In the park on the Texas side, families ate tacos and drank Corona. Some weren’t happy to see the agents, viewing them as a sign of hypocrisy in a country that eagerly hires millions of undocumented immigrants even as law enforcement pursues them.
“They’ve probably all got illegal Mexican women cleaning their houses,” said Maria Palacios, whose family set up their cookout about 50 yards from Maldonado.
Then she started dancing, a little two-step. Her husband, Jose, joined in.
“They’re actually pretty good,” Maria said.
Los Federales started performing six years ago, when the regional office of the Border Patrol participated in a Hispanic heritage event. Over time, senior officials in the agency began to see the band as one of their greatest outreach tools.
“People used to see us and say, “You’re just here to arrest people,’ ” said Amador Carbajal, who left his job as an assistant manager at Walmart to join the Border Patrol. “But now they’re starting to know us.”
The reception isn’t always warm. Once, the band played a small town in the Rio Grande Valley where the crowd stared at them icily as they set up.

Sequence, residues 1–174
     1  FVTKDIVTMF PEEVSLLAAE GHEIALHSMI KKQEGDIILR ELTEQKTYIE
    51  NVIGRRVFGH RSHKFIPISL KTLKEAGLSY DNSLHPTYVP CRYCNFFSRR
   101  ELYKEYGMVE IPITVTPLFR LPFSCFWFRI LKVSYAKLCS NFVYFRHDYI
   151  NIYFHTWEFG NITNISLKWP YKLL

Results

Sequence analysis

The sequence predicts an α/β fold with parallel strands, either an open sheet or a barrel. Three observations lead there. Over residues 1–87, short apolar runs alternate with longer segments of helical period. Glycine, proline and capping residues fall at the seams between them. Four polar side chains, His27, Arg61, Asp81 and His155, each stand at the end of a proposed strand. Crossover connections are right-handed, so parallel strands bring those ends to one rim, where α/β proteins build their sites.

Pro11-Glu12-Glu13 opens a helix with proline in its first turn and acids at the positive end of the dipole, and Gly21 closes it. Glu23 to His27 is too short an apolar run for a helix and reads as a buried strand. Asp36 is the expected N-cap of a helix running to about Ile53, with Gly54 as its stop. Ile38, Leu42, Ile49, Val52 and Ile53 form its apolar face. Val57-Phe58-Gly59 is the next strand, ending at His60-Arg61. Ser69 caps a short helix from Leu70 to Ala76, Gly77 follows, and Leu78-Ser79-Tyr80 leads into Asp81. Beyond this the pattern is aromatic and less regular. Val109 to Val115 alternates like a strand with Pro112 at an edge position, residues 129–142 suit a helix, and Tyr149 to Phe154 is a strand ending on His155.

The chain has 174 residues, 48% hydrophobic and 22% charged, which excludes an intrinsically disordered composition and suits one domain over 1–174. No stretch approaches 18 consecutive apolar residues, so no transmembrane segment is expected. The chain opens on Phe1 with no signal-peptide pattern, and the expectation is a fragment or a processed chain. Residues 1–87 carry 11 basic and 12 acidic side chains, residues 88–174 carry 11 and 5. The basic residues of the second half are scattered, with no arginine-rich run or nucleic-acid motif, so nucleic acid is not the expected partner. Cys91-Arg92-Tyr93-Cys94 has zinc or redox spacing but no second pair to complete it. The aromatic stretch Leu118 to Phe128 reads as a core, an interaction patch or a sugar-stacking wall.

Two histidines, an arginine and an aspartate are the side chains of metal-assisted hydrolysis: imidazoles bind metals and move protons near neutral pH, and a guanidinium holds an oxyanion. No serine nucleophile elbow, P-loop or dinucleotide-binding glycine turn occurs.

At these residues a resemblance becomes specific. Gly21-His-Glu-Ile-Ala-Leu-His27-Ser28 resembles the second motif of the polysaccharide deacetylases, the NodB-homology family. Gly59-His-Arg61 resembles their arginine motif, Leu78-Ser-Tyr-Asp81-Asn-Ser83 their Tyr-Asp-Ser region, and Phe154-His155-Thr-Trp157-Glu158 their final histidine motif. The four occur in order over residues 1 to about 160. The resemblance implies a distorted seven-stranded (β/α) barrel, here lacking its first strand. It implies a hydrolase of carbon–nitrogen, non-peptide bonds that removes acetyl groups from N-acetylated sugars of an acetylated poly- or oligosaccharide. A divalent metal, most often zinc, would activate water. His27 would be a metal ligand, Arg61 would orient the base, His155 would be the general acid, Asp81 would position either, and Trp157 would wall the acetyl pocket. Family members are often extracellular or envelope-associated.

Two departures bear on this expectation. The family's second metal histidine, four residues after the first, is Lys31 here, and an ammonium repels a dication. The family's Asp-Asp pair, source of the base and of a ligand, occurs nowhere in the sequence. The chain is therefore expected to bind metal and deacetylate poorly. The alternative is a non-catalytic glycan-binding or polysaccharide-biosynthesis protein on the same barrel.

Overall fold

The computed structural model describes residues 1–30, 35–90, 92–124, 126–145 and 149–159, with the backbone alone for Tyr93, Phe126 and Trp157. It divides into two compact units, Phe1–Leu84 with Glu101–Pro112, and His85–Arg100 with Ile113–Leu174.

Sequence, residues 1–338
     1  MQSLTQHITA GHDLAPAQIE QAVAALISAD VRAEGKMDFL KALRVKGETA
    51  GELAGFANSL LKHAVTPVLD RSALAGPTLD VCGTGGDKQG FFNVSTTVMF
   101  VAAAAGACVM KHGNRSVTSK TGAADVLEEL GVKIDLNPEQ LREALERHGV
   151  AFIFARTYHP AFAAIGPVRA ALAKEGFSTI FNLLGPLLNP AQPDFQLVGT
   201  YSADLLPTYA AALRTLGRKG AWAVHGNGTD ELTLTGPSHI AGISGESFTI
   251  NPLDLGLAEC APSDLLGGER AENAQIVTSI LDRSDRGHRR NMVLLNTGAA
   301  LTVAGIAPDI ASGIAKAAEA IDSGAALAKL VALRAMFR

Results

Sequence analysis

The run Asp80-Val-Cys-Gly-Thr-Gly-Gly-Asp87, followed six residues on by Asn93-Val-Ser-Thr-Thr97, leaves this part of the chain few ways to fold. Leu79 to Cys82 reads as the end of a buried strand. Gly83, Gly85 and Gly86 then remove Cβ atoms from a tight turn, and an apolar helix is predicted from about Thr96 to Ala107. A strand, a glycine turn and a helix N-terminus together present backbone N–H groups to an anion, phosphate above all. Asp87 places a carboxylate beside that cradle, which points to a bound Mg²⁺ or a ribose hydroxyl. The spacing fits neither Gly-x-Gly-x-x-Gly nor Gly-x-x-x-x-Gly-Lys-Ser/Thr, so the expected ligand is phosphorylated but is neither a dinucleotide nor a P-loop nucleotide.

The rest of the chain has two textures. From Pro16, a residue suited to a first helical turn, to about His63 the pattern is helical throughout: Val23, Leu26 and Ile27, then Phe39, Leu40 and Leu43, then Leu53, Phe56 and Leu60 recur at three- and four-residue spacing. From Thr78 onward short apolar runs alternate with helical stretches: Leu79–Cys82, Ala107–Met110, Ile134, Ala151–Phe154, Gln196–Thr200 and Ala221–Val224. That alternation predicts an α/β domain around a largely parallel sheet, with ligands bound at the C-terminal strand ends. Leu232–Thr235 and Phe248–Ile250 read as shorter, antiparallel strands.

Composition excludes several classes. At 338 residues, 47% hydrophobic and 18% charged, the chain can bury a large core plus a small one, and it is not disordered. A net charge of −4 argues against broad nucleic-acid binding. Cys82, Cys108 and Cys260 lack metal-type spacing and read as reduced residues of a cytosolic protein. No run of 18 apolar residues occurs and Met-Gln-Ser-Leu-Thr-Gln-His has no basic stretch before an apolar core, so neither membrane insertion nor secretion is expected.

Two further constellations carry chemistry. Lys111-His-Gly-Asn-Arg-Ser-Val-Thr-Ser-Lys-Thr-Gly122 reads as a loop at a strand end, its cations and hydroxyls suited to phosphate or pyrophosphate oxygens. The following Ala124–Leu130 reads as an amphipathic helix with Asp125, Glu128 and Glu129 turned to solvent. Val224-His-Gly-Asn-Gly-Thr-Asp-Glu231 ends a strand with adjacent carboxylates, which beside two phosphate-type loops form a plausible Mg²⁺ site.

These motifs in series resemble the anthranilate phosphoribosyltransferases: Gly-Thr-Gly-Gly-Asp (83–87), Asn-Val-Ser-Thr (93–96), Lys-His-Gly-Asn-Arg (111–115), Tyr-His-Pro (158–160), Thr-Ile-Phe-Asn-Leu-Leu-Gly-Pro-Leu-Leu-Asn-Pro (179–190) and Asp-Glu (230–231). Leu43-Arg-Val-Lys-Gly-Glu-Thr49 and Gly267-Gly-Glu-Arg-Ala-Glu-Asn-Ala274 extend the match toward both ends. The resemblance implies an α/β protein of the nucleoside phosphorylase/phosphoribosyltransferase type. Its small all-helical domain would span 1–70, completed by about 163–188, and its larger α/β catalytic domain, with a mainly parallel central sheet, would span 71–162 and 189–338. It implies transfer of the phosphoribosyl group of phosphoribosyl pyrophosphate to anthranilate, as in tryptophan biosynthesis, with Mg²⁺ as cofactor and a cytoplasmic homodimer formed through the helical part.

“I thought to myself, “Should we be wearing body armor?” said Arnold Velasquez, a special operations Border Patrol agent.
“It can sometimes feel like being in a neighborhood where you don’t belong,” Carbajal said.
But there have been breakthroughs — like in a nearby border town called Granjeno, where locals started calling in suspicious activity, including possible drug trafficking, not long after the band performed there.
“They started to trust us,” Carbajal said.
The Rio Grande Valley, a region along the Texas border the size of Connecticut, has always been its own world, borrowing from the United States and Mexico, with many residents crossing between countries multiple times a day.
“We learn both cultures as effortlessly as we do two languages,” Brownsville-born writer Oscar Casares wrote of the Valley. “We learn quickly that we can exist simultaneously in both worlds, and that our home exists neither here nor there but in the migration between these two forces.”
For decades, residents of the Valley farmed land on both sides of the Rio Grande. An annual parade wound between Brownsville, on the U.S. side, and Matamoros, on the other. Texans went to dentists in Mexico. Mexicans shopped at Walmart in Texas.
But the Valley has increasingly become the center of the Border Patrol’s efforts — last year, the agency apprehended 108,000 undocumented immigrants in the region, more than half of the nationwide total. Of the 5,000 new agents the White House wants to recruit, many are expected to be sent here. The longest stretch of the border wall funded by Congress in March — 33 miles — is slated to be built here.